Toyota assigned Yuji Yokoya as chief engineer on the new Sienna project. Yokoya and his family drove the previous model over 53,000 miles (85,000 km) throughout North America to find weaknesses from the design.[11][12] The engine was an updated ULEV certified 3.3-liter 3MZ-FE V6 paired with a new five-speed automatic transmission. The gear stick was moved from the steering column to the center console and had a gated shift pattern. Seating for eight was optional on lower-level trims, and the third row seating was fold-flat,[13] allowing the van to transport 4 by 8 feet (1.2 by 2.4 m) building materials like plywood and drywall sheets.

On January 6, 2003, the second-generation Sienna was unveiled at the Detroit Auto Show.[12] Production was moved from the Georgetown plant to Toyota Motor Manufacturing Indiana.[12] Changes from the first generation included 45 per cent more volume overall and 39 per cent more cargo space. The seats were in the 60/40 split configuration, and the flat-folding third row seat was offered even with all-wheel-drive.[1]

Trim levels, in order of increasing standard and available features were: CE, LE, and XLE, and XLE Limited (renamed Limited in later years). The most distinguishable difference on the XLE Limited model was the horizontal chrome bar placed above the rear license plate. The CE had a black trim there, while middling models had a body-colored trim.

Standard features included remote keyless entry, tilt-and-telescopic steering wheel, and high solar energy-absorbing glass (HSEA) on the windshield and front windows. All 2004–2007 Siennas had a factory tow package (hitch kit and trailer lighting connections not included[clarification needed]) and a 3,500 pounds (1,600 kg) towing capacity.

All wheel drive, optional on the more expensive trims included run-flat tires. The all wheel drive system continuously divided engine power 50:50 front and rear.[14]

Options, depending on the trim level, included HID Xenon headlamps, Dynamic Laser Cruise Control, parking sensors, a convex rear view mirror to enable the driver to see the passengers, a voice-activated navigation system (not voice activated for the 2004 model year) which included a backup camera, 10-speaker JBL audio and rear-seat DVD entertainment system with two 110V outlets.

New styling allowed for a drag coefficient of Cd=0.30. EPA Fuel economy was 17 mpg city driving and 23 mpg highway for the FWD version. The AWD version got 16 mpg city driving and 22 mpg highway driving. The turning radius was 11.2 metres (37 ft).


The Sienna came standard with anti-lock braking, brake assist, electronic brakeforce distribution, traction control and a tire-pressure monitoring system. Side torso airbags, and side curtain airbags were standard on certain 2004 and 2005 LE and XLE model trims while optional on others, but became standard on all 2006 trims. Vehicle Stability Control initially optional on lower trims became standard for 2008 models.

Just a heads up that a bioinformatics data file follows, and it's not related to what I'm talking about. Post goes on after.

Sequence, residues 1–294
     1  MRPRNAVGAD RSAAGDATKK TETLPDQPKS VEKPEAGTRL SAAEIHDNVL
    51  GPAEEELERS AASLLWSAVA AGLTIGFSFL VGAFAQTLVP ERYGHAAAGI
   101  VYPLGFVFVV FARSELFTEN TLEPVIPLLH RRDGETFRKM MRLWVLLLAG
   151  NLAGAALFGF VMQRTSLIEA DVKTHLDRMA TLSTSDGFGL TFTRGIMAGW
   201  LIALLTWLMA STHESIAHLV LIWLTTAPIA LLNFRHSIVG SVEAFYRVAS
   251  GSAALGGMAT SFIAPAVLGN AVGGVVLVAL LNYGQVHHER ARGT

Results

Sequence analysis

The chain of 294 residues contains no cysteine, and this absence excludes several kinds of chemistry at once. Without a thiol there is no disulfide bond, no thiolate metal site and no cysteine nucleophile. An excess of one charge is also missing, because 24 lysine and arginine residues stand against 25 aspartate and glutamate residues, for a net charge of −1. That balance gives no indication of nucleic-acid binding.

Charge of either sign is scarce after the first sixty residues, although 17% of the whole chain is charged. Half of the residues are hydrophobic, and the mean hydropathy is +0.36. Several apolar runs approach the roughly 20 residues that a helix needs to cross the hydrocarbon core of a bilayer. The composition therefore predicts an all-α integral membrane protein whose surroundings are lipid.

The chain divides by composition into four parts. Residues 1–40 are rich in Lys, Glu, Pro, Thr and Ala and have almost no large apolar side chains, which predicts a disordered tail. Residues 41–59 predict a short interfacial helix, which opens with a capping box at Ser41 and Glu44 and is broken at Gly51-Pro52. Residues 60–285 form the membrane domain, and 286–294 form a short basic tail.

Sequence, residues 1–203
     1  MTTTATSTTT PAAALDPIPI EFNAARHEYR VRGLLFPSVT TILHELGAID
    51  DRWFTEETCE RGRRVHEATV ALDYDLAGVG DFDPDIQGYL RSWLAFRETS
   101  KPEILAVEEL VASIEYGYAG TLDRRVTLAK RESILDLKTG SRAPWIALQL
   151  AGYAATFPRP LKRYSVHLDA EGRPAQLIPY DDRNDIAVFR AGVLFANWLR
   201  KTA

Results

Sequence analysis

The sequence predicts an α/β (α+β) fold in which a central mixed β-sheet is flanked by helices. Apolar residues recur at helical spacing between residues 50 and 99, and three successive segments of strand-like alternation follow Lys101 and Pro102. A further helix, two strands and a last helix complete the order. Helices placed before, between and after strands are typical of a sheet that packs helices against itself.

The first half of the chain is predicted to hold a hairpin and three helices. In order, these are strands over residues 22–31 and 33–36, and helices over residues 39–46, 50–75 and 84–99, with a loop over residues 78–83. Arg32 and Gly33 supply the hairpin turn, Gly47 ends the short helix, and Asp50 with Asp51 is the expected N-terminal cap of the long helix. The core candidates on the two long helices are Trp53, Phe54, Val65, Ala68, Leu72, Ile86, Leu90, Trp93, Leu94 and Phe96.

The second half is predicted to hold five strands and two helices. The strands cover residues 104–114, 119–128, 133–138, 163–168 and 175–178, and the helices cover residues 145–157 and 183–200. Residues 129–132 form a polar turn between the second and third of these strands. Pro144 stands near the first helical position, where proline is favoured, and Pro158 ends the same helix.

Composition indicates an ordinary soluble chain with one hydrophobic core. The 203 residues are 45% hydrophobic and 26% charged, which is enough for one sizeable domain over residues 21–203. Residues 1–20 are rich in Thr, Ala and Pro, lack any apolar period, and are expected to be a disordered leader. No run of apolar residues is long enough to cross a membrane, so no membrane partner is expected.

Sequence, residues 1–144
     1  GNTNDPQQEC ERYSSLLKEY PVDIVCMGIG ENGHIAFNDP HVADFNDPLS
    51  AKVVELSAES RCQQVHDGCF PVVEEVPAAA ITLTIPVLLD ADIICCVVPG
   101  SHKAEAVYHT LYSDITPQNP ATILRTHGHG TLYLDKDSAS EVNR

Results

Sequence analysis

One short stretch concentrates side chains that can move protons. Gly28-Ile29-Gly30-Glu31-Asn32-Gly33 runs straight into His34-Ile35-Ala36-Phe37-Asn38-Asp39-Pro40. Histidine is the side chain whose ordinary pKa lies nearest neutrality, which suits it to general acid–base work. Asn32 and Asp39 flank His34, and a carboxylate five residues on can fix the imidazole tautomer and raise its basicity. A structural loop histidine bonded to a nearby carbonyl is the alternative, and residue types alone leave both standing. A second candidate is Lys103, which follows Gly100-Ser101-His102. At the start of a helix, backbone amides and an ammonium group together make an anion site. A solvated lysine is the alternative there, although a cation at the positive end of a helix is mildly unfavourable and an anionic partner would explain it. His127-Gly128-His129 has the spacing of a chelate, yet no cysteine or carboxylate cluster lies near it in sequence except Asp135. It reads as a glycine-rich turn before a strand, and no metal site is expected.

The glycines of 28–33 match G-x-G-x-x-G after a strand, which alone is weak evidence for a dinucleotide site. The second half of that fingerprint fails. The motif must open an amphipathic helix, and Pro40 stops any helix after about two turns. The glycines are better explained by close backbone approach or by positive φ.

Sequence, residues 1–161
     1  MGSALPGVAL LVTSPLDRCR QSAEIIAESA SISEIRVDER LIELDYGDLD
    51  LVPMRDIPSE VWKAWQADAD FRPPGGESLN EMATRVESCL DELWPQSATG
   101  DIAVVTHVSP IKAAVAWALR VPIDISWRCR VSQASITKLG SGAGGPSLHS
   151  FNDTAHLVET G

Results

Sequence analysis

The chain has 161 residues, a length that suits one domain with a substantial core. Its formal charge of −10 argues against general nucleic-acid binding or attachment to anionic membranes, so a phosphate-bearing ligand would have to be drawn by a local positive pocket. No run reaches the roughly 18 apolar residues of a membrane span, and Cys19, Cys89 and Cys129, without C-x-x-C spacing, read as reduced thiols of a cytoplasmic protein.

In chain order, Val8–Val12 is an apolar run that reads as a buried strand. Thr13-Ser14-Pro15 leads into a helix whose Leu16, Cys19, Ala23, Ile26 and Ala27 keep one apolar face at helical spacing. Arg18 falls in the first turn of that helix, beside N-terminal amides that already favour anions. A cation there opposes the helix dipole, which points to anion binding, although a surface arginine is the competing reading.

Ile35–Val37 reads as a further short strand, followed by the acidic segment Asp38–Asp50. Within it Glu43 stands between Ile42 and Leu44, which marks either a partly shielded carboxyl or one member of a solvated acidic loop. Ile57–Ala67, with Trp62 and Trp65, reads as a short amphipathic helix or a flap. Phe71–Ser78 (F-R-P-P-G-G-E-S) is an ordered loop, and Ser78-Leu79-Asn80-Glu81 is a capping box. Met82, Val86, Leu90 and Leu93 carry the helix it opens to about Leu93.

The IIHS gives the Sienna an overall "Good" score in their frontal offset crash test with "Good" marks in all six measured categories. All 2006 models and later receive a "Good" overall score, while pre-2006 models without side airbags receive an "Acceptable" score for side impacts.[15]

NHTSA crash test ratings (2004, no side airbag):[16]
Frontal Driver: 5/5 stars
Frontal Passenger: 5/5 stars
Side Driver: 5/5 stars
Side Rear Passenger: 5/5 stars
2wd Rollover: 4/5 stars
NHTSA crash test ratings (2005, no side airbag):[17]
Frontal Driver: 4/5 stars
Frontal Passenger: 5/5 stars
Side Driver: 5/5 stars
Side Rear Passenger: 5/5 stars
2wd Rollover: 4/5 stars

Model year changes

2006–2010 Toyota Sienna LE
2006–2010 Toyota Sienna
  • 2006: the front fascia, side molding, and headlamps were restyled. Blue-backlit electroluminescent Optitron gauges were added to LE, XLE, and Limited trims. The "XLE" prefix in "XLE Limited" was removed, and new exclusive equipment for this trim included an optional memory function for the driver's power seat and side-view mirrors (also available on XLE as an option) and power-folding exterior side-view mirrors with integrated in-glass LED turn-signal repeaters. Other options included Bluetooth and a power-folding third-row seat. Front row side torso airbags and side curtain airbags for all three rows became standard equipment on all models. The optional rear seat audio system was discontinued. Horsepower and torque ratings were changed to meet SAE's new standard to 215 hp (160 kW) and 222 lb·ft (from 230 hp (172 kW) and 242 lb⋅ft (328 N⋅m), Toyota also now rates engines on 87 octane).
  • 2007: a new ULEV-II certified 3.5-liter 2GR-FE V6 engine rated at 266 hp (198 kW) with a rated fuel economy of 17/23 MPG for front-wheel-drive models and 16/21 MPG for AWD models replaced the 3.3-liter V6. The tire pressure monitor was upgraded, and a new seven-spoke alloy wheel design was made exclusive to the Limited and AWD models.[18]
  • 2008: Vehicle Stability Control became standard in all trims.
  • 2009: the Sienna remained largely unchanged, except for a revision in pricing to become more competitive through several available comprehensively equipped "extra-value package" offerings. In Canada, base prices were lowered by up to $1,500.[19]
  • 2010: the second generation Sienna was unchanged in its final model year.[20]